Bering Sea

Laura Kraegel/KUCB

Commercial fishing opens Tuesday, Oct. 15 for Bristol Bay red king crab.

This season, the declining population has forced managers to set the total allowable catch (TAC) at 3.8 million pounds.

That number is 12 percent lower than last year, as well as the lowest since the fishery was rationalized in 2005. Even if fishermen catch all of the TAC, it'll be the smallest harvest since 1982.

Hope McKenney/KUCB

A small group of Unalaskans learned to identify bird carcasses last week in an effort to help scientists track increasing mortalities on Alaska's beaches.

The training was held by the University of Washington's Coastal Observation and Seabird Survey Team (COASST), one of the organizations that monitored the state's fifth straight summer of mass die-offs.

Laura Kraegel/KUCB

With the fishing season starting next week, the Alaska Department of Fish and Game has released crab quotas for Bristol Bay and the Bering Sea.

The total allowable catch for red king crab is 3.8 million pounds. That's about 12 percent less than last season, as well as the lowest since the fishery's rationalization in 2005.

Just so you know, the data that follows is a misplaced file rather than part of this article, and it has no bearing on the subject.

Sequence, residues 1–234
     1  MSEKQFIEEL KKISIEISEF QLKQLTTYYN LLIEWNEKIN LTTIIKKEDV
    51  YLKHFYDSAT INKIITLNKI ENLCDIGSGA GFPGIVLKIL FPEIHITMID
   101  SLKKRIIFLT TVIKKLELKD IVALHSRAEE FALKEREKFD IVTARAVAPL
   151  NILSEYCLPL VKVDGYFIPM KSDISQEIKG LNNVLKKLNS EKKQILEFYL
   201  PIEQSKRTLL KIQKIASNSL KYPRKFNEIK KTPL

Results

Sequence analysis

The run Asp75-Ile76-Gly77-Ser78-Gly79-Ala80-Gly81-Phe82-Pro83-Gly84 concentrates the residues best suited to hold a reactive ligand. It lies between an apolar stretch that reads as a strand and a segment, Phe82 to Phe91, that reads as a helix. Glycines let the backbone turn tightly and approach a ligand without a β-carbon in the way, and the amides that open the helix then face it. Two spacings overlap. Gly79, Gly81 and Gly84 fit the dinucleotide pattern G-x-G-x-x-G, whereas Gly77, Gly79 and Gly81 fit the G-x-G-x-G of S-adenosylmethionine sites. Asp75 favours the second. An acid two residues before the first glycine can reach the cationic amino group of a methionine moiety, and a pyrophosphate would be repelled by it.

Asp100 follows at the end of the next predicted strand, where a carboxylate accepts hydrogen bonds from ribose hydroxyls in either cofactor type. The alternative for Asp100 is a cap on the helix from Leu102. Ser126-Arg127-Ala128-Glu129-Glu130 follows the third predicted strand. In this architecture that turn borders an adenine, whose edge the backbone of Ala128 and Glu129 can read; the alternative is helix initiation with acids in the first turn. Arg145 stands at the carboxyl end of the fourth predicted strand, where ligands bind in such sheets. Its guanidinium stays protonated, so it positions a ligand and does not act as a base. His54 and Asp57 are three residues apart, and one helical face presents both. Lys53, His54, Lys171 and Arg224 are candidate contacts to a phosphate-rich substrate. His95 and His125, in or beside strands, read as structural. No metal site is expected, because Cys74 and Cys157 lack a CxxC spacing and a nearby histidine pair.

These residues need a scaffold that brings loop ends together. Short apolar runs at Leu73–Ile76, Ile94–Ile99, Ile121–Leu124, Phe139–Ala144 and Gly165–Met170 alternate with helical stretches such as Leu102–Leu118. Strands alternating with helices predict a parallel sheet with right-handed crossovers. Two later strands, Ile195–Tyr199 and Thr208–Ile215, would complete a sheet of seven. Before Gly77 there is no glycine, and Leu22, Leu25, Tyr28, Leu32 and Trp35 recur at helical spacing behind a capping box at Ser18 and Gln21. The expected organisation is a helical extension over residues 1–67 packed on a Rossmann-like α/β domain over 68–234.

Zoë Sobel / KUCB

 

Unalaska welcomed two Japanese-flagged vessels to port this week — one devoted to Arctic research, the other connected to controversial commercial whaling.

The first is the Oshoro Maru V, a research vessel for Hokkaido University's school of fisheries sciences.

 

Professor Toru Hirawake is the chief scientist onboard.

 

Kristin Cieciel/NOAA

 

Do jellyfish affect Bering Sea fisheries? And if so, how?

That’s what Yale University’s Jonathan Rutter wants to find out. The college senior is conducting a survey to learn more about the gelatinous creatures directly from fishermen.

 

“What are these impacts that jellyfish have on Bering Sea fisheries?" Rutter said. "And those impacts could be economic- or nuisance-based. I’m going in it with a pretty open mind.”

 

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